I hope that on reflection, these two councilmembers can see that there’s a lot to be said for the “old green” heritage that came before them.

Anne Farrell

Del Mar

July 25 issue:

Rebuilding Del Mar Heights Elementary School: A bad idea

There has been precious little information readily available to the interested community about school district open meetings and planning for the rebuilding of the Del Mar Heights Elementary School. Neither the district itself nor the Del Mar Times have been a timely source of current information and much of what is disseminated is by inefficient word-of-mouth. For example, several days ago, local residents were surprised to see surveyors, hired for this project, working along Mira Montana Dr., on the east perimeter of the school, and even within adjacent areas of Torrey Pines Park Extension.

A current plan ambitiously seeks to rebuild Del Mar Heights Elementary School from the ground up: great for builders and architects but not so much for the rest of us.

A most recent proposed design for the rebuilding of the Del Mar Heights Elementary School is an obscene intrusion into the well being of the community. The plan calls for a large increase in the footprint of the school, an increase in parking spaces from less than 50 now to more than 115 (for what?), and the loss of about 2/3 of the grass field now used for both organized sports and free play by area children and their families, all day, every day, year round. Loss of open green space is lost forever!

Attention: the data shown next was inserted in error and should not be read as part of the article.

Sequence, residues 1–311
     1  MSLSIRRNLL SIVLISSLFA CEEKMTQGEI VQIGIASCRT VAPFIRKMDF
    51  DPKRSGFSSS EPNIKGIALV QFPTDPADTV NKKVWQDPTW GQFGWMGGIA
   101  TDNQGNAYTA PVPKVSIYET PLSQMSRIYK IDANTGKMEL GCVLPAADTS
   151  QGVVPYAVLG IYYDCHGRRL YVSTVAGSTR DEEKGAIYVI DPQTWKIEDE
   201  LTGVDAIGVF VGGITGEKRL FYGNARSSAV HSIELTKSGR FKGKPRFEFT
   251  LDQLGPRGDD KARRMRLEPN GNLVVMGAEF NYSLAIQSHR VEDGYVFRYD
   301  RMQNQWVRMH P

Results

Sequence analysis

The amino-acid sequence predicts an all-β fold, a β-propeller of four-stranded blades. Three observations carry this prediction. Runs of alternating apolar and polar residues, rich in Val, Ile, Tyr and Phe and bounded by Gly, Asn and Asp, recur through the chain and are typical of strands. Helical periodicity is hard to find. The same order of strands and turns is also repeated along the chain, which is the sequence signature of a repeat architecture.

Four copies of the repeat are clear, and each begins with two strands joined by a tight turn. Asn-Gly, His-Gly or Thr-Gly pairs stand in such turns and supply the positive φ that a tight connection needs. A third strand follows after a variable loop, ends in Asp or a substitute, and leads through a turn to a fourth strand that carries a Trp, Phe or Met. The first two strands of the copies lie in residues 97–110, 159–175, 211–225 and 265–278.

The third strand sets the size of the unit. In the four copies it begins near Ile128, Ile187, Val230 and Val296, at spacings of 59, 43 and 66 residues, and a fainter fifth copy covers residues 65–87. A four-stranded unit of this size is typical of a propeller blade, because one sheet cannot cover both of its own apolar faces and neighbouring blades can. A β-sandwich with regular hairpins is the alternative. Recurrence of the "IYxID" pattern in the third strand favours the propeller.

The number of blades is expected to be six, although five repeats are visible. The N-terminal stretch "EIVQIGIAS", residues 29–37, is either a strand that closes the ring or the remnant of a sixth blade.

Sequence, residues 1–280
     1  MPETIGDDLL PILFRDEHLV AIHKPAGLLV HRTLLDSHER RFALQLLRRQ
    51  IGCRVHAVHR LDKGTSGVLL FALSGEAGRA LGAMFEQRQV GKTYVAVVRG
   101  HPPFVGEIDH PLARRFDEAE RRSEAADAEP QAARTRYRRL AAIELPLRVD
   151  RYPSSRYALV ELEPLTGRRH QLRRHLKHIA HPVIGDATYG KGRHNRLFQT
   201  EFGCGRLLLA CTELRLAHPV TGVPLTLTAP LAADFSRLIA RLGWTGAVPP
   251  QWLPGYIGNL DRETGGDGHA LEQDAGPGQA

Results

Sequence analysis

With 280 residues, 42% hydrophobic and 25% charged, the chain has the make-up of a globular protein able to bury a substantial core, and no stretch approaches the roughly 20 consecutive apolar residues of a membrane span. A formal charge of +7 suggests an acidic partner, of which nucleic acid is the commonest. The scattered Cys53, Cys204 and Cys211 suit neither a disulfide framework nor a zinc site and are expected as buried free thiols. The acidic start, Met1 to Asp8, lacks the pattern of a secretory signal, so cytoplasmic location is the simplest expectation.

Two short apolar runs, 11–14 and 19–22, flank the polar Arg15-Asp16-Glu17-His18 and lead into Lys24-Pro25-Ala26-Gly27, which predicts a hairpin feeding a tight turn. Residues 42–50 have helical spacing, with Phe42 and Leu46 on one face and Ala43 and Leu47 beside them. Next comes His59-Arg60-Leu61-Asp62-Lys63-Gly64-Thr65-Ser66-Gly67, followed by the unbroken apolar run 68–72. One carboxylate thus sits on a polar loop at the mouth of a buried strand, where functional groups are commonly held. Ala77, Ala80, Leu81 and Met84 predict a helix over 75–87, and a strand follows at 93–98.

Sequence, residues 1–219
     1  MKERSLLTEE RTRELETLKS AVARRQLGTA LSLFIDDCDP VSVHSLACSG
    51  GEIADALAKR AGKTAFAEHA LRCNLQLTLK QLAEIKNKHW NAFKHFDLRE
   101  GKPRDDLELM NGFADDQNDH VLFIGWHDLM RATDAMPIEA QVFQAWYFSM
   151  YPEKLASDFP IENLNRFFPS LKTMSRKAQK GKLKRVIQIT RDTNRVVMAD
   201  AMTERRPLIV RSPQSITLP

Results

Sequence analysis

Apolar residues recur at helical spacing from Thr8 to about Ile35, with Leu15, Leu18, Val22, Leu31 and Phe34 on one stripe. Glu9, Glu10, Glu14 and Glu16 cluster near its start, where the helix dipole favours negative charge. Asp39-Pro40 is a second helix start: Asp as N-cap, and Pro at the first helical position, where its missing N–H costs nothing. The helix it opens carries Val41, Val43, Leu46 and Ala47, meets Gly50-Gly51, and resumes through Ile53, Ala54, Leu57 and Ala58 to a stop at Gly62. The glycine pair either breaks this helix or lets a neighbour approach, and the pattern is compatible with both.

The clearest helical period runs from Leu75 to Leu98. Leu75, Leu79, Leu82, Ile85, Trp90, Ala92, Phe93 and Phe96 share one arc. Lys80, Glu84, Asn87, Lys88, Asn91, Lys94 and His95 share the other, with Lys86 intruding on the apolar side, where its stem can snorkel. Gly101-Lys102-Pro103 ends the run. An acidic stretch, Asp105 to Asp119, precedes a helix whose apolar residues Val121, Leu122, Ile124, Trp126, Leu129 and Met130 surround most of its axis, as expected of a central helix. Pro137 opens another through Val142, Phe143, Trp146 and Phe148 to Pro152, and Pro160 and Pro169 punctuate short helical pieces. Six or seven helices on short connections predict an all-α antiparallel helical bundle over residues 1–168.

It is understood that one of the goals of the redesign is to mitigate what has been a chronic problem, that being the twice-a-day automobile back-up on Mercado Dr., Cordero Rd., and Boquita Dr., as students are dropped off and picked up before and after school. The proposed substantial increase in parking lot driveways on school grounds may help to move traffic along, but at the cost of spreading the noise, congestion, and pollution to an additional stretch of Cordero Rd. and also along Mira Montana Dr.

Here’s an alternative. How about renovating the existing buildings and just replacing the temporary classrooms with a more suitable structure? Keep the “new” on the same footprint as the “old.” The cost to do this will be a small fraction of what is being proposed, and the dollars saved can instead pay for the cost of busing children to school. This way, we get to keep open space, reduce traffic congestion, reduce automobile pollution, and relieve hundreds of adults from the burdensome task of driving children to and from school. It also gets around the challenge of having to relocate Del Mar Heights students to other schools in the Carmel Valley area if total reconstruction is to happen; an intrusion that would likely last for more than one academic year.

Mark Sherman and Enid Sherman

On transparency in Del Mar

The Del Mar City Council seems to have trouble filling various committee vacancies lately. The Design Review Board (DRB) recently had an opening. Four people applied (some of whom had previously applied several times). Among them an architect, a contractor’s associate, and two businesswomen. All made intelligent and knowledgeable presentations to council’s queries. None was chosen and the council decided to re-open the position so that additional candidates could be solicited. During the extended time a new applicant “surfaced” and he was selected at a subsequent council meeting (this occurred during the significant other/nepotism brouha).